This document provides guidance for establishing secure industrial control systems (ICS). These ICS, which include supervisory control and data acquisition (SCADA) systems, distributed control systems (DFRCS), and other control system configurations such as skid-mounted Programmable Logic Controllers (PLC) are often found in the industrial control sectors. This document provides an overview of these ICS and typical system topologies, identifies typical threats and vulnerabilities to these systems, and provides recommended security countermeasures to mitigate the associated risks.
DoD was an active contributor to the NIST Special Publication (SP) 800-82 Revision 2 Industrial Control Systems Security Guide published in May 2015. Appendix G contains the “ICS Overlay”, which provides the tailoring and supplemental guidance for cybersecuring control systems. Although NIST SP 800-82 Rev. 2 defines ICS as “Supervisory Control and Data Acquisition Systems, Distributed Control Systems, and other control system configurations such as Programmable Logic Controllers,” the security controls it contains can also be used as a starting point for securing non-industrial control systems (generally there is no other guidance available). For example, there are many building, transportation, medical, security, and logistics systems which – though similar in many respects to traditional ICS – use different protocols, ports and services, and are configured to operate in different modes than SCADA or DCS systems.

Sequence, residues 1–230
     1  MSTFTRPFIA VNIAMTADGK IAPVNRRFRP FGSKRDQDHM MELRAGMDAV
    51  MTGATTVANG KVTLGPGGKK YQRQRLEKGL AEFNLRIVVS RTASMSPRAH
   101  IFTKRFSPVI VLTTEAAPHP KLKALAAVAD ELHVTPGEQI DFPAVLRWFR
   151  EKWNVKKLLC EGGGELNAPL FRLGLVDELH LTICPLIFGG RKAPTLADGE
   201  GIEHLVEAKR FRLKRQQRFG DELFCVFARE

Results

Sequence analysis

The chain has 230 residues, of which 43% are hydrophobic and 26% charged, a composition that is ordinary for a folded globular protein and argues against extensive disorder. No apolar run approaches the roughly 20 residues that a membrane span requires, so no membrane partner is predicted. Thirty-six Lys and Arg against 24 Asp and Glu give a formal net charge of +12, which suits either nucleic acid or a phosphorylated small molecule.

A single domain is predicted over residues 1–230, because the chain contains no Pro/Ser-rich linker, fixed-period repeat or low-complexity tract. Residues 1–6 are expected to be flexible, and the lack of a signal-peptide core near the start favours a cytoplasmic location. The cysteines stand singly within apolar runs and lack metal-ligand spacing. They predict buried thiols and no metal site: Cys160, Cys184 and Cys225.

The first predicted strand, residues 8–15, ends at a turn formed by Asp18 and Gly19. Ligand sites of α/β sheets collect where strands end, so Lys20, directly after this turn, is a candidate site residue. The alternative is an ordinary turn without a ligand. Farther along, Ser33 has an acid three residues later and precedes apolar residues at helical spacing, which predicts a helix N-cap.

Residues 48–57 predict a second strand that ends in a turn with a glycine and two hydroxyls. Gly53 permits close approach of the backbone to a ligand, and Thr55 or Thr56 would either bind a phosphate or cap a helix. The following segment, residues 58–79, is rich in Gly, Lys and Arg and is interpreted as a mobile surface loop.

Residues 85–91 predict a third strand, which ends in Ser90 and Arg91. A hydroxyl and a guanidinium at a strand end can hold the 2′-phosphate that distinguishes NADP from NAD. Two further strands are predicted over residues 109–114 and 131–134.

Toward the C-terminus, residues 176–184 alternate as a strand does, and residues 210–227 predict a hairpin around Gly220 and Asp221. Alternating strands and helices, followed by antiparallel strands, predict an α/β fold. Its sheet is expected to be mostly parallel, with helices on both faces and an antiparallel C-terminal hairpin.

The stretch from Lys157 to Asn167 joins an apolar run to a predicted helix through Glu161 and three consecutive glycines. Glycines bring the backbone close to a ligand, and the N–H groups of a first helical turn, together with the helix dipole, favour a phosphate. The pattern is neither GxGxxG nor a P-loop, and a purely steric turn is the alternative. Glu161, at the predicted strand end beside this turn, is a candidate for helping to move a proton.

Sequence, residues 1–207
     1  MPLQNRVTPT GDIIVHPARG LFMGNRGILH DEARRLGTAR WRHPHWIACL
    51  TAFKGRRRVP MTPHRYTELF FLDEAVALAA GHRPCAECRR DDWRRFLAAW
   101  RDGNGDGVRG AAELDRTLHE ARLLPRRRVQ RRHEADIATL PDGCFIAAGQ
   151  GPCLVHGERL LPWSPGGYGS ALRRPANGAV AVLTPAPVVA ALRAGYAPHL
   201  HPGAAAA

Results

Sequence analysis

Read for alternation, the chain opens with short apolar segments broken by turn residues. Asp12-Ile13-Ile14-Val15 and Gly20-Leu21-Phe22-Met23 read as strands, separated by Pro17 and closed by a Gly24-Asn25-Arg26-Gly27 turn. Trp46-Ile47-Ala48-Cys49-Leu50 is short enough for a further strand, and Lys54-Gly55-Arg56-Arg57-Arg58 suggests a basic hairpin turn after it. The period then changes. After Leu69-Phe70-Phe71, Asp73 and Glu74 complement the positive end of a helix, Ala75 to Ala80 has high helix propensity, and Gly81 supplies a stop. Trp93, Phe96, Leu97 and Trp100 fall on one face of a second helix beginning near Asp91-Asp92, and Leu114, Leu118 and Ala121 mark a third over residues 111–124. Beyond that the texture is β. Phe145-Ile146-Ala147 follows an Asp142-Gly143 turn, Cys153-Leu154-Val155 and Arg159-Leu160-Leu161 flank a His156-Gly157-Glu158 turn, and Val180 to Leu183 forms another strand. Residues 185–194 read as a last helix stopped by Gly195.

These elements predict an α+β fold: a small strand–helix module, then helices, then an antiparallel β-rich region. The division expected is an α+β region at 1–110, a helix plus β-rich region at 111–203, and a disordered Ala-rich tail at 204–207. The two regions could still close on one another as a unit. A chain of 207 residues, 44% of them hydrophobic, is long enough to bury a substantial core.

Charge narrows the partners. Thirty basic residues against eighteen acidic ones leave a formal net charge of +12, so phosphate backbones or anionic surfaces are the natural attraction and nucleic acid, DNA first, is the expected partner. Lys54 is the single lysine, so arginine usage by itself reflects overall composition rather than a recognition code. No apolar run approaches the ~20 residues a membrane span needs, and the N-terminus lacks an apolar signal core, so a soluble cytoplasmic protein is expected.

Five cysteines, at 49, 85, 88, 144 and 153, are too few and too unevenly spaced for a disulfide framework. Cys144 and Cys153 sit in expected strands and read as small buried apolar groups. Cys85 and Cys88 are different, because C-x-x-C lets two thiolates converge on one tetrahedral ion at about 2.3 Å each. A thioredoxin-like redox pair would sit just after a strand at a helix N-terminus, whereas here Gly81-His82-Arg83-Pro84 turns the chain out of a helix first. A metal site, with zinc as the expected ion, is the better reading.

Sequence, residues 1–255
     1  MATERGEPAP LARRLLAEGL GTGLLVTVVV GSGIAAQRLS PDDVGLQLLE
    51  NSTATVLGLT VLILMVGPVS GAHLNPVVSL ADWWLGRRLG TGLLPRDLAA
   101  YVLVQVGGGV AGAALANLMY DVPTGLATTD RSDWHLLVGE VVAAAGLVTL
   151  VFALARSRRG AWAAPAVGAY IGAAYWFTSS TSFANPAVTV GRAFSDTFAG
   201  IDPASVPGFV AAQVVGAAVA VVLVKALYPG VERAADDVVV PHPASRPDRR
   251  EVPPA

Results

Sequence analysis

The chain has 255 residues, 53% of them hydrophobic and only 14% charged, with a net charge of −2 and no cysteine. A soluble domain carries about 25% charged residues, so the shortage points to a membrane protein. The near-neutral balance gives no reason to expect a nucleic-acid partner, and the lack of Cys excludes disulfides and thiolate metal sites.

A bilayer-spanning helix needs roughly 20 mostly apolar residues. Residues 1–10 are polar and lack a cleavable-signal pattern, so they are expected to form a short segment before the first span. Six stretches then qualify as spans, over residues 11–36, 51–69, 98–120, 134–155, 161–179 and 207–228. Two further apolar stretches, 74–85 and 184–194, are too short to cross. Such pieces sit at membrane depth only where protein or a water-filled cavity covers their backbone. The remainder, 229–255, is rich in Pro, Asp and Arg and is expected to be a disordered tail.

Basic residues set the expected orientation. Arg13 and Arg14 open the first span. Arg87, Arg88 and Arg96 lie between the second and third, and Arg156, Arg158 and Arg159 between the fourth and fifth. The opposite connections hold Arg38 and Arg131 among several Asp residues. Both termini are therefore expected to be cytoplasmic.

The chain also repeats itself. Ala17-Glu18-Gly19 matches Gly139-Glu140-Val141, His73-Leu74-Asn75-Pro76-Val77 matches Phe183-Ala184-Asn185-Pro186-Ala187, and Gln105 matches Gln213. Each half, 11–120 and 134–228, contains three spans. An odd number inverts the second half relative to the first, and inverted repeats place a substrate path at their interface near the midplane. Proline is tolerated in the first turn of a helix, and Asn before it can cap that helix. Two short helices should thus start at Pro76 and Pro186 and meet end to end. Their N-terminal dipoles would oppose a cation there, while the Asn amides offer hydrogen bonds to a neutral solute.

Examples of Other Types of EI&E FRCS:
The security controls provided in Appendix G are general and flexible enough to be used to evaluate other types of PIT; subject matter experts should review the controls and tailor them as appropriate. There is no “one size fits all,” and risks are not the same, even within a particular group. To illustrate, a building control system has various sub-systems such as HVAC, fire alarms, physical access control systems (PACS), digital signage, CCTV, etc. Critical life safety systems such as the fire alarm and PACS may have an impact level of “high” while other systems are designated as “low”. Rather than connect these systems together and require the aggregated system to be evaluated as “high” impact, it might make more sense to keep the systems separate and evaluate them against their potentially lower individual impact levels.